WASHINGTON COUNTY Amidst the din of phones ringing and scanner radios talking in the background, two dispatchers calmly handle the chaos surrounding them. They are the voice of reason on the other end of the line in times of crisis, and they are being celebrated this week, April 11 through 17, which is recognized as National Public Safety Telecommunicators Week. This week is the ideal time to reflect on how these unseen, often
unsung heroes of the public safety system contribute to each agency they
Washington County Communications Center has eight full time and five part time dispatchers who field an average of 100 calls per day for Washington County Sheriffs Office, City of Chipley, two EMS Stations and ten fire departments. These unseen heroes work 12-hour shifts, switching between seven different screens and fielding everything from administrative calls to 911 emergencies.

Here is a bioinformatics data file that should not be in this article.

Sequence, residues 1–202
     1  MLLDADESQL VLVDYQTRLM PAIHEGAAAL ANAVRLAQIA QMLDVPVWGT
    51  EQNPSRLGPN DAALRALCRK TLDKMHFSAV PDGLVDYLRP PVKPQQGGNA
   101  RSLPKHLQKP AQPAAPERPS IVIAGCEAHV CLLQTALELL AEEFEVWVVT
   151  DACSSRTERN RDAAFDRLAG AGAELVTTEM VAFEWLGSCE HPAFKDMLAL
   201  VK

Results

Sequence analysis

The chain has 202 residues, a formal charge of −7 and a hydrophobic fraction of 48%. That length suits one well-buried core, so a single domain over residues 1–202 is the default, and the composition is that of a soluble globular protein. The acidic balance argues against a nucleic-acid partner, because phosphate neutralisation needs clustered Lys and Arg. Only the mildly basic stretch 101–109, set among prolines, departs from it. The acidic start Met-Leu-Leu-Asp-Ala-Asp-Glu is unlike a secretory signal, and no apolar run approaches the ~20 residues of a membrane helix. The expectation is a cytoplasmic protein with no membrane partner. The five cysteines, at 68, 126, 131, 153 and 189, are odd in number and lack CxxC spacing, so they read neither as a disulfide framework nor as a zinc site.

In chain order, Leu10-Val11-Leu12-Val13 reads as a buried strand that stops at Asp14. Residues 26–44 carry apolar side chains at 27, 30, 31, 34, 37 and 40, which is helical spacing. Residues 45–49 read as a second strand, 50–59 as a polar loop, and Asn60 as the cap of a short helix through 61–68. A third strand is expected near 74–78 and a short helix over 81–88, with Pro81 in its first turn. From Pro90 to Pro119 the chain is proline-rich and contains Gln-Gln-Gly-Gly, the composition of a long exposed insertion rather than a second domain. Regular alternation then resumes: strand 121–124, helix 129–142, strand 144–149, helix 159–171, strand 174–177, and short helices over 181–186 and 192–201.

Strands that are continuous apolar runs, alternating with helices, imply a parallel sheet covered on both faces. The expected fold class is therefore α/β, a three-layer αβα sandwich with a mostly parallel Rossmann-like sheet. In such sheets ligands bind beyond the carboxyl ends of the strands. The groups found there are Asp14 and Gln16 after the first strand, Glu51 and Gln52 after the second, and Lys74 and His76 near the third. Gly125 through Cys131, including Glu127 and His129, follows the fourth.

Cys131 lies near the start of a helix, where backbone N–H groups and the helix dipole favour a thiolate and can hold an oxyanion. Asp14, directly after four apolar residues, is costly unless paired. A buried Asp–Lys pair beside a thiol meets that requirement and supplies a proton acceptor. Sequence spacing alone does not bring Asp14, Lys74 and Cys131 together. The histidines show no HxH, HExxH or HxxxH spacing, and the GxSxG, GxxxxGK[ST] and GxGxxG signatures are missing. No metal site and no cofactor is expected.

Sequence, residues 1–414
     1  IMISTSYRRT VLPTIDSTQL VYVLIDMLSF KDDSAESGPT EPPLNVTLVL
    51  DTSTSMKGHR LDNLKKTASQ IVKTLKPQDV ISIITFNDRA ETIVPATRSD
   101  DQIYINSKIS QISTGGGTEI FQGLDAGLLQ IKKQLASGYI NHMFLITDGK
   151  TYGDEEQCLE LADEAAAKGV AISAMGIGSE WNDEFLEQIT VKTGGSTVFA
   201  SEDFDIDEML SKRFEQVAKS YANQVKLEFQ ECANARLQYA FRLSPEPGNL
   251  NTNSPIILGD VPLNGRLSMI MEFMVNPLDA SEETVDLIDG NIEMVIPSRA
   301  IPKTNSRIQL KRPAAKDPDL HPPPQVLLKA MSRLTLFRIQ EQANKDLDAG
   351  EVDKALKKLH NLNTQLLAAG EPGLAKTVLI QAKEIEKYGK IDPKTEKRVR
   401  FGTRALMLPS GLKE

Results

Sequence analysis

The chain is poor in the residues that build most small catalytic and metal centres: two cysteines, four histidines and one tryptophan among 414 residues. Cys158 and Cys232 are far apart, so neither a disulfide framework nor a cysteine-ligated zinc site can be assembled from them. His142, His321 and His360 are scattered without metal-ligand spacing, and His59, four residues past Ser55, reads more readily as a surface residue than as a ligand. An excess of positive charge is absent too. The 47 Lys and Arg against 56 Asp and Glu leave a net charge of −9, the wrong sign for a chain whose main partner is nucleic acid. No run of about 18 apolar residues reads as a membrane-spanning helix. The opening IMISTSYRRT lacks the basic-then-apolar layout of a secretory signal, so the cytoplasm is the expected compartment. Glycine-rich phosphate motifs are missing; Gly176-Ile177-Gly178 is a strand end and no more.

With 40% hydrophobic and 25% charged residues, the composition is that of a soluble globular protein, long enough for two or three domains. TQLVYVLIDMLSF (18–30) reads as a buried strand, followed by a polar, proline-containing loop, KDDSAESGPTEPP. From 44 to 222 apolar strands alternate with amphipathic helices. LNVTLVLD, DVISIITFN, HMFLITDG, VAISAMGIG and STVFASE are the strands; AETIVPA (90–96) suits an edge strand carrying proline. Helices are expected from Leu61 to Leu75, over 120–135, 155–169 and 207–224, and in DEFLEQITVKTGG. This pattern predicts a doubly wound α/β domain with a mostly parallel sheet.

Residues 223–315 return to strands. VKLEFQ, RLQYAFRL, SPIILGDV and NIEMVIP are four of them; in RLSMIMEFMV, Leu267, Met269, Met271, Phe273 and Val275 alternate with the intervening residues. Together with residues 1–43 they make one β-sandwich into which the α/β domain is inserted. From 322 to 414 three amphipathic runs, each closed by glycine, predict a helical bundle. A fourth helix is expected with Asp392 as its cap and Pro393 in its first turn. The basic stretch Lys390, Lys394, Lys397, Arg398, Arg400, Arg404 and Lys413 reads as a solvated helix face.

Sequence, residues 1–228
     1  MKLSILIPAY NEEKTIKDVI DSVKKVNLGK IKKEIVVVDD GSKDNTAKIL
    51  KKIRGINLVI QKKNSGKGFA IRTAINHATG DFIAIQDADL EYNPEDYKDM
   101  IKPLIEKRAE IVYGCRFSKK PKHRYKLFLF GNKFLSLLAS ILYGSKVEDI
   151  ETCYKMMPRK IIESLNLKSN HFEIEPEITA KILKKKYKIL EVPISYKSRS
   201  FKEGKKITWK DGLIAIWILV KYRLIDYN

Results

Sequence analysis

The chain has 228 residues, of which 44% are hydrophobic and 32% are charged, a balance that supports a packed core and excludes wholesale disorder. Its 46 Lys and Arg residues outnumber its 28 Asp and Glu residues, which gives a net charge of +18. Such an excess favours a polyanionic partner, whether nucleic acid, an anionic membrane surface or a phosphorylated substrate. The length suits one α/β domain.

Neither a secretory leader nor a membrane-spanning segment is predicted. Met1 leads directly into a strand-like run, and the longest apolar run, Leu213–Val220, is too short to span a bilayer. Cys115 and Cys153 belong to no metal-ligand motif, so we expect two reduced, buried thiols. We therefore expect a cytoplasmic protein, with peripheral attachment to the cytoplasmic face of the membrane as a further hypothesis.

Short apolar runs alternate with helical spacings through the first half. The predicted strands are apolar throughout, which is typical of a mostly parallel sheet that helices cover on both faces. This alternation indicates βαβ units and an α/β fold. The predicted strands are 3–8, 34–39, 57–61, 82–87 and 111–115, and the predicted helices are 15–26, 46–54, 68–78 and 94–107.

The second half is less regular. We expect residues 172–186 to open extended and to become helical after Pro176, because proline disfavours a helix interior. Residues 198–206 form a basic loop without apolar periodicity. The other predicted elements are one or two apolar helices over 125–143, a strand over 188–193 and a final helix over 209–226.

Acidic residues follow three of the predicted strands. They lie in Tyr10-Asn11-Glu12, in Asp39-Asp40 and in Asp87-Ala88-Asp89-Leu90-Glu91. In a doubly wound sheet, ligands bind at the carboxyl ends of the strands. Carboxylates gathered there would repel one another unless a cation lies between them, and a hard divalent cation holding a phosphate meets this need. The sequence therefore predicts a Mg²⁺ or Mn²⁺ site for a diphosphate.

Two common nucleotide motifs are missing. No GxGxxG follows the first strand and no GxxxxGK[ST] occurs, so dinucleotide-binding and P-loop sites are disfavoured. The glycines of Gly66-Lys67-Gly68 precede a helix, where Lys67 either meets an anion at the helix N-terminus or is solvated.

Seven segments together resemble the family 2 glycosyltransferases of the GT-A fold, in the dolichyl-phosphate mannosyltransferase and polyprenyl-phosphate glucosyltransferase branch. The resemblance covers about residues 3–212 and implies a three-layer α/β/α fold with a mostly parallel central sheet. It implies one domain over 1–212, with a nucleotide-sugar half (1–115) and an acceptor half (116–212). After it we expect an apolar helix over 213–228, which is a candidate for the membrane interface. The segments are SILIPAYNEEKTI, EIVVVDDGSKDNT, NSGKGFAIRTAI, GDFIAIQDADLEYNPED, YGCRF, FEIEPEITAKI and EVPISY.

Dispatch Supervisor Brenda Rhodes has been working in the field for 15 years and says it is rewarding, yet often under appreciated calling.
I love what I do,” said Rhodes. “This is a very rewarding job, but most times we are under appreciated for the hard work we put in.” Rhodes also says she has a great staff she is lucky to work with, including Jamie
Carswell, who has been in the field for 20 years.
Carswell says he got
into this line of work because he wanted to help others. I
started working dispatch as a way to help people, said Carswell. I
think almost all of us that do this started for that very reason.
Often referred to as “The Thin Gold Line”, the staff of Washington County Sheriff’s Office dispatch is the calm voice in the midst of the storm.